Belinda Pollard: It’s a very tricky question. It depends partly on why we’re not happy. So, for instance, are our expectations unrealistic. I’ve seen people who’ve been unhappy, and these are not my personal clients, there are some Facebook forums of editors and there are things that get discussed. But I’ve seen people being very unhappy because a book had maybe 20 typos left in it, and the author has not taken into account that the book had 2,000 typos when they submitted it. So, we need to be aware that editors aim for excellence but they’re not always perfect.
Now, there can be other things. Alison’s mentioned that situation with her son that just didn’t seem to work very well. It is tricky. It’s very tricky. I think the first thing to do is probably to discuss it with the editor and see what can happen. Apart from that, it is quite difficult, sometimes, to resolve. So, it’s very hard. It’s very hard.
Alison Joy: Donita, didn’t you have that problem with your editing of one of your manuscripts.
Donita Bundy: Yes, early on, it was part of the whole ignorance thing, not really knowing what to ask for, not knowing what to expect, and then when I wasn’t happy not knowing how to deal with that. It was an expensive lesson, but one that I’ve learnt and moved on with.
But just continuing on with that question, Belinda, if we are writing Christian books and I’m a Christian writer, do I need a Christian editor, or do I find just a mainstream editor? What’s your advice?
Belinda Pollard: It’s again, one of those questions that has various answers. One of the possibilities… when I was working on my first novel which was a secular novel but with Gracenotes, I actually had chosen an editor that I was hoping would work with me on it who I had discovered on social media. I had visited her website and looked at her blog posts and was happy with the way that she worked, and she was not a Christian editor. And I thought that could be a good thing for me to, sort of, “keep me honest” in a way. To make sure that even though I had the Gracenotes in it, they weren’t making it read like a Christian novel.
So, that’s what I tried to do. It didn’t actually work out that way. She wasn’t available in the timeframe that I needed, and I ended up working with a Christian editor who, instead, could look at my Gracenotes, help me with the clunkiness of them because she is actually a Gracewriter, herself, as well as being a Christian editor.
She even suggested some places where I was missing opportunities to incorporate Gracenotes. For instance, my character, there was a point, someone died, they’re in the wilderness, he got dobbed in to do a sort of little, short memorial service for this person and I’d mentioned that he’d prayed, and she said, “Why have you not given the words of what he prayed because this is an opportunity.” I thought, “I think the reason I haven’t put words is because I don’t know what he prayed!” So, I had to then go away and work on that. But that was an instance of what I felt was a good relationship with an editor, and one where I was glad I had a Christian editor.
So, sometimes it can be really good to have, particularly if you’ve got an editor with some theological training. They can help you pick up some of those little glitches, perhaps, in your theological underpinnings to your work. So, there are different cases to be made for which way to go on that.
Any final thoughts on the topics of editors and editing?
Alison Joy: It’s just such a big thing. It’s a big part of the process and trying to find the right fit. It’s just something, I guess, a lot of prayer and asking around and just see how you go.
Donita Bundy: For me it’s just critically important to get my work edited. As a lay minister leading services, I would quite often get a long line of people coming up to point out a spelling mistake or a typo on slide 33 or something. They were so caught up and distracted by the surface they were missing the message underneath. And it reminds me of that Martha and Mary story. Martha was doing a lot of great stuff, but she was so distracted by the work around her she was missing the fact that Jesus was there and that was where the power was.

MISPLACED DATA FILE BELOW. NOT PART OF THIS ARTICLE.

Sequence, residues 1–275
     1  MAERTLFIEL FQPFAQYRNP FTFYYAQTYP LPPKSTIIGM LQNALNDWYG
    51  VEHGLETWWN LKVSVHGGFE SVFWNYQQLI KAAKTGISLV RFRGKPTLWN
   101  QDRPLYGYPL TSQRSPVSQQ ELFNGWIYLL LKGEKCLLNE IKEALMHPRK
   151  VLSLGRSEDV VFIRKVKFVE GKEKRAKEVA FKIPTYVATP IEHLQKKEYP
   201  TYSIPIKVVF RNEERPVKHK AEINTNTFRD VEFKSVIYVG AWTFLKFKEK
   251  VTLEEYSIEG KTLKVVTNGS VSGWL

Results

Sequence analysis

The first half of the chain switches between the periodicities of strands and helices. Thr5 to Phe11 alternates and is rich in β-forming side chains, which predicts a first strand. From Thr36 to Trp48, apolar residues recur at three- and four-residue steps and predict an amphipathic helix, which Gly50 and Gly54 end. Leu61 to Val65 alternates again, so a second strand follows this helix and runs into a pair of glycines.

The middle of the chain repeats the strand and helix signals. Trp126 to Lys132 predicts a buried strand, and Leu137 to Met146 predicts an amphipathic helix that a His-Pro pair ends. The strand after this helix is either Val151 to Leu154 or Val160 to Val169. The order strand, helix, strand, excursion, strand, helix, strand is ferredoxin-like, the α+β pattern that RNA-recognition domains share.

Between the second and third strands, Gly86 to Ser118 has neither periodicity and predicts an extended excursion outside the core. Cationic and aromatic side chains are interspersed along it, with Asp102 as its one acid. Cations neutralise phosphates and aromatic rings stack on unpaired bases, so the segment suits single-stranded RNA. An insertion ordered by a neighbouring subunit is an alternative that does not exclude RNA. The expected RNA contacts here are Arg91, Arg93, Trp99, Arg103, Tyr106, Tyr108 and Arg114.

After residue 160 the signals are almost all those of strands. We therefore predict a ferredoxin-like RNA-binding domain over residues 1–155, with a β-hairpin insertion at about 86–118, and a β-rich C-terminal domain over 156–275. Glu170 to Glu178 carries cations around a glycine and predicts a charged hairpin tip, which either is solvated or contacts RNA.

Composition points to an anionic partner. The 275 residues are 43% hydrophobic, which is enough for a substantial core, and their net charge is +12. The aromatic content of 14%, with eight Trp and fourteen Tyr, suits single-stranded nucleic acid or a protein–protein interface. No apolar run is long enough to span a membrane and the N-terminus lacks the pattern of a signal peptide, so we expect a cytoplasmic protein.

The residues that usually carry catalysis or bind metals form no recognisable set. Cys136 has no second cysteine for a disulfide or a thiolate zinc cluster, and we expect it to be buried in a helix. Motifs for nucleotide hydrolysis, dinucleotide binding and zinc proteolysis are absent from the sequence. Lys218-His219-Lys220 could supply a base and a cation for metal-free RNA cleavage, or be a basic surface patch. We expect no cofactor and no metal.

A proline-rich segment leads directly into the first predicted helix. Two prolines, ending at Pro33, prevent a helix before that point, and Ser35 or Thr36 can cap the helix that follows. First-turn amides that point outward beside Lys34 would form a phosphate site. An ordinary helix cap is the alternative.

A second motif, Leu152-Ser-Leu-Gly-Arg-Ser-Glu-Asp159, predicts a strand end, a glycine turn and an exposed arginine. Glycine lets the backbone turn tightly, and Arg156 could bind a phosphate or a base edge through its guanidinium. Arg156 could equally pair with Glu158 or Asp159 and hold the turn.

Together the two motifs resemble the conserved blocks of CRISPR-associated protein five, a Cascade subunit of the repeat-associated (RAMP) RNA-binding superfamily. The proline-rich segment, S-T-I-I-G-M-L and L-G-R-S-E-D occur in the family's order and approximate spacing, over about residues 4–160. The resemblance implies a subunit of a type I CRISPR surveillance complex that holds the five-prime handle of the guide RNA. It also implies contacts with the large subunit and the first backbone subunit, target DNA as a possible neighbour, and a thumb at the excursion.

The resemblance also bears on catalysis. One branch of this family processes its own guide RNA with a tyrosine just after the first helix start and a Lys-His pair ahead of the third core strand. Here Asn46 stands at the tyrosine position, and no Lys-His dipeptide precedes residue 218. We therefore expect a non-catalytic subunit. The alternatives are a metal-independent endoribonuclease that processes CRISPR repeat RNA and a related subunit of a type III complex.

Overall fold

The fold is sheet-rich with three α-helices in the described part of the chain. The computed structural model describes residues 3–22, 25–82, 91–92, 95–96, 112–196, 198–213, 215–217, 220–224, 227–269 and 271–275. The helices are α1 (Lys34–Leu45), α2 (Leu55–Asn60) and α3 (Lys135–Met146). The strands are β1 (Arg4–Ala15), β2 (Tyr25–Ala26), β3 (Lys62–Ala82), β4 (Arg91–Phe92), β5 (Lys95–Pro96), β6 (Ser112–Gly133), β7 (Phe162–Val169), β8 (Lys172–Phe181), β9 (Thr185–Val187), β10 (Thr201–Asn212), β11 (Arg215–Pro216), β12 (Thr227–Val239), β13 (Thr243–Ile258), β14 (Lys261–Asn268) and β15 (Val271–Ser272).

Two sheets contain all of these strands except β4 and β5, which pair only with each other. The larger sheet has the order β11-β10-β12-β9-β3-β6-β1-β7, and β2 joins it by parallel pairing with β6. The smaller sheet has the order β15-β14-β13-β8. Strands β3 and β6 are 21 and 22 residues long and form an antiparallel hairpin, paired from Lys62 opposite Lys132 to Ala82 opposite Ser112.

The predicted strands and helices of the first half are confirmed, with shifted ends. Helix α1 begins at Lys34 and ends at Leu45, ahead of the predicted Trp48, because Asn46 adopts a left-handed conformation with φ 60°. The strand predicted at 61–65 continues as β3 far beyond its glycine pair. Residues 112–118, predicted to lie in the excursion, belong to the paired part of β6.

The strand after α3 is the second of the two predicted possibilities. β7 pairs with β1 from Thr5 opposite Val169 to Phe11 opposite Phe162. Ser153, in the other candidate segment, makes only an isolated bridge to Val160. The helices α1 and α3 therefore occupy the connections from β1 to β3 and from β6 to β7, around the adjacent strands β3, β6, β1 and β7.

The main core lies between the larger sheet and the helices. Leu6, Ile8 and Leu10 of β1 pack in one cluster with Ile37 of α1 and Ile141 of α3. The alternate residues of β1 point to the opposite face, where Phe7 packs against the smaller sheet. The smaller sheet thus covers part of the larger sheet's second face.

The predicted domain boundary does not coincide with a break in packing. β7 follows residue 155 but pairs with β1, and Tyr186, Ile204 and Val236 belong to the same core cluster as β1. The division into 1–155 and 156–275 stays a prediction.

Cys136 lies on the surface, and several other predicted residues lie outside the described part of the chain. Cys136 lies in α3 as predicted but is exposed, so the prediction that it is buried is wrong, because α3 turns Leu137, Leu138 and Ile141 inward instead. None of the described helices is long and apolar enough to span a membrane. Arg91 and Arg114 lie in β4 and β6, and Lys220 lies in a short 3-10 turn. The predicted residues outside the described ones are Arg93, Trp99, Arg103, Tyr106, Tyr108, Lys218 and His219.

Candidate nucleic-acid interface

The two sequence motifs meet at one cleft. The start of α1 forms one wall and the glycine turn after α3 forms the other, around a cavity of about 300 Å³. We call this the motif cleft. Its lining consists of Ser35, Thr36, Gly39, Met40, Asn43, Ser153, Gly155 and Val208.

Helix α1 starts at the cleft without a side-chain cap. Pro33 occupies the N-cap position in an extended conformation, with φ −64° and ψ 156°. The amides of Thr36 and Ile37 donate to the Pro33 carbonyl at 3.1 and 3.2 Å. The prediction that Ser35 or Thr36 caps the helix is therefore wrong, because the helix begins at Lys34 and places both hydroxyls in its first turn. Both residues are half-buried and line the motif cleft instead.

And so, I don’t want to distract my readers with the little bits and pieces, the typos, because I know that that will pull people out of the story. I want to keep them focused and in, living that story with the characters. Anything within my power to eliminate those distractions, to me, is what it’s about. I’m hoping, and my prayer, is the power is in the story and I don’t want anything to detract from that. So, as we’ve been saying, the investment and the ministry is about quality.
Belinda Pollard: And I think that can be another advantage too, to having a Christian editor. They’re going to be, well, I’m not going to speak for everybody but a lot of us are going to be praying for your book as we work on it. And calling on God for His… when we reach thorny passages where we’re trying to resolve a problem, we will be calling on God to give us wisdom and clarity. And this an extra layer of God’s involvement through different ones of His people who are involved. So, yes, that’s another possibility. I know my editor prays for me and I value that.
Donita Bundy: I value my Christian editor because she can discuss theology with me, so, that’s great.
Belinda Pollard: Yes. It’s an interesting process. There’s masses to discuss. We could probably keep talking about it for another hour and a half but unfortunately we can’t because we’ve run out of time. So, just as we finish up, how about I pray for us and for the Gracewriters.
Heavenly Father, we thank you for the opportunities and the potential to get out there in publishing in different ways. We’ve been talking a lot about books but there’s various other forms of writing as well, and we thank you for those possibilities to communicate your truth in different ways to people out there. I pray for all of us as we work, to do the best we possibly can on our writing, and as we try to find editors who are going to be a great fit for us. Who are going to be affordable for us. Who are going to be focused on our goals and Your goals for our writing. And we commit it all to you in the name of Jesus, Amen.
Thank you, Alison Joy and Donita Bundy. I’m Belinda Pollard and we will see you next time on the Gracewriters podcast.